it is groupped as it should be.

    >> How is a macro list thing more convenient than a function?


    Because in this particular case it would be more useful. I have overloaded
    function that calls something like this:

    - a block of always the same block of code here
    - something different
    - a different block of the same code here

    and it is repeated in overloaded functions over and over. if I make a simple
    change in one or the other block I have to copy-paste them in each
    overloaded function. maintaining this would be easier if this code is placed
    in a function or... a kind of macro like i asked for in above explanations.

    >> do with macros or templates or any other way except functions?

    > Why? You haven't provided any justification for this new construct.


    I am informing myself of other ways of doing things. I already explained I
    can do it with functions but in this particular case a macro thing would be
    way more practical. No solution fits purposes.
     
    A, Oct 15, 2011
    #13
  14. A

    A Guest

    I tried this (as an dumb example) and it seems to work...
    I think I'll be learning a bit more about macros.

    The only drawback I see so far is the fact I can't debug the CODEPART1 and
    CODEPART2 but except that it is working as intented.

    #define CODEPART1 \
    std::vector<int> abc(5); \
    for (int i = 0; i < abc.size(); i++) \
    { \
    abc = i; \
    }

    #define CODEPART2 \
    return abc[4];

    int overload(int a)
    {
    CODEPART1
    abc[0] = 0;
    CODEPART2
    }

    int overload(__int64 a)
    {
    CODEPART1
    abc[1] = 0;
    CODEPART2
    }
     
    A, Oct 15, 2011
    #14
  15. On 10/15/11 11:54 AM, A wrote:
    > I tried this (as an dumb example) and it seems to work...
    > I think I'll be learning a bit more about macros.
    >
    > The only drawback I see so far is the fact I can't debug the CODEPART1 and
    > CODEPART2 but except that it is working as intented.
    >
    > #define CODEPART1 \
    > std::vector<int> abc(5); \
    > for (int i = 0; i< abc.size(); i++) \
    > { \
    > abc = i; \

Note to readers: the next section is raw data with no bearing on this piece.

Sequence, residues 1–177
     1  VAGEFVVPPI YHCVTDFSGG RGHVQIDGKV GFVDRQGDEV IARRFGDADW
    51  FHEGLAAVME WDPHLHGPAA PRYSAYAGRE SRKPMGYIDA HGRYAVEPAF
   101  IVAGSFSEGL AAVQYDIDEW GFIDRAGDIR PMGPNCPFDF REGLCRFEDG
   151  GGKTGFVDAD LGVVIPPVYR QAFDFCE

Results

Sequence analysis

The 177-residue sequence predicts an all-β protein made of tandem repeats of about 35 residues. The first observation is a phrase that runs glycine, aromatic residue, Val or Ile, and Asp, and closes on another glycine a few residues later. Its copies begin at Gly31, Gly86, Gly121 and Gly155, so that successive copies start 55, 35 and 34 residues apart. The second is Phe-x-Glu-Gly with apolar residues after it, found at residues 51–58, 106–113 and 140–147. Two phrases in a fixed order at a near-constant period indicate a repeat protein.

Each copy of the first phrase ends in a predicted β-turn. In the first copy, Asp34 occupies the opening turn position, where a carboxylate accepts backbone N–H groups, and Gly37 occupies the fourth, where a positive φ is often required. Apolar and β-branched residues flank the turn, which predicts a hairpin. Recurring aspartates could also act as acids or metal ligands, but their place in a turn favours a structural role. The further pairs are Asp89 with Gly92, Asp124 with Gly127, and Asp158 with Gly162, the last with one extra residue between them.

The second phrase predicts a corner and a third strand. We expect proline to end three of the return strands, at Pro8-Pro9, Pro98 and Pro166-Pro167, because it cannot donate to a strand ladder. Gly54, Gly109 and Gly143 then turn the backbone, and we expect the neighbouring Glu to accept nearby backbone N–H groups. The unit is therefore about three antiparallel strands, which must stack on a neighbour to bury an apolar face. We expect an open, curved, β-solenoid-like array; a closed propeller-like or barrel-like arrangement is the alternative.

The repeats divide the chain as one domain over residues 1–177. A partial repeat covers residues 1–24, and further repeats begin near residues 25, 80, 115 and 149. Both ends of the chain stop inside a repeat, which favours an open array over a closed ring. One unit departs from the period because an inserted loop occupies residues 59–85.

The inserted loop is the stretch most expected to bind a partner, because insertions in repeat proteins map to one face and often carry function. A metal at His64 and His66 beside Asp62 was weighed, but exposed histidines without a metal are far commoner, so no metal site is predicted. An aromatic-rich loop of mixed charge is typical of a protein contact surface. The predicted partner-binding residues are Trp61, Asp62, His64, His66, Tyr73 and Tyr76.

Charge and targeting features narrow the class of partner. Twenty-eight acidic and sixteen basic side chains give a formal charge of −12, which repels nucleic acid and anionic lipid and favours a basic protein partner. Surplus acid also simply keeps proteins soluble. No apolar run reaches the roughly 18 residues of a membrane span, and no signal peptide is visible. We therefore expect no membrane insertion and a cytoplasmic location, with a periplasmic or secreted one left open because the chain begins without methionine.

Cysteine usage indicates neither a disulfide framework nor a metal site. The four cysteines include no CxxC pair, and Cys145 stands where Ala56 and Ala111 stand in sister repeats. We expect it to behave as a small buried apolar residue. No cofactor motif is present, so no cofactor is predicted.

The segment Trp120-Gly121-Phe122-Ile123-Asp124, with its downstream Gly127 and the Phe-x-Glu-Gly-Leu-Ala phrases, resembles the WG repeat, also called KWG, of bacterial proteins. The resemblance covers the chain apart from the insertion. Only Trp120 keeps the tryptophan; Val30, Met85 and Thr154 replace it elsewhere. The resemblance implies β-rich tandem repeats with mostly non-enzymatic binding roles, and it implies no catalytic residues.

> }
    >
    > #define CODEPART2 \
    > return abc[4];
    >
    > int overload(int a)
    > {
    > CODEPART1
    > abc[0] = 0;
    > CODEPART2
    > }
    >
    > int overload(__int64 a)
    > {
    > CODEPART1
    > abc[1] = 0;
    > CODEPART2
    > }
    >
    >


    The limitations on debugging are a function of the debugger. A good
    debugger will at least let you switch into an assembly view of the code
    to see what is happening.

    If you are having trouble with a macro expansion, replacing the macro
    with its expanded text temporarily normally will make it easier to debug
    (and then if you needed to change the code, go back and fix the original
    macro to match, but ideally you would have debugged the snippet as
    independent code before pushing it into a macro.
     
    Richard Damon, Oct 15, 2011
    #15
  16. A

    Jorgen Grahn Guest

    On Sat, 2011-10-15, A wrote:
    >> *Please don't snip attributions, it is rude.* I'll ignore you if you do
    >> it again.

    >
    > Sorry, don't have idea what you're talking about here.


    What you just did -- skip the line "Ian Collins wrote:". It's that
    thing which lets people look at your posting *only* and know who wrote
    what.

    The rest of your quoting seems fine to me.

    /Jorgen

    --
    // Jorgen Grahn <grahn@ Oo o. . .
    \X/ snipabacken.se> O o .
     
    Jorgen Grahn, Oct 15, 2011
    #16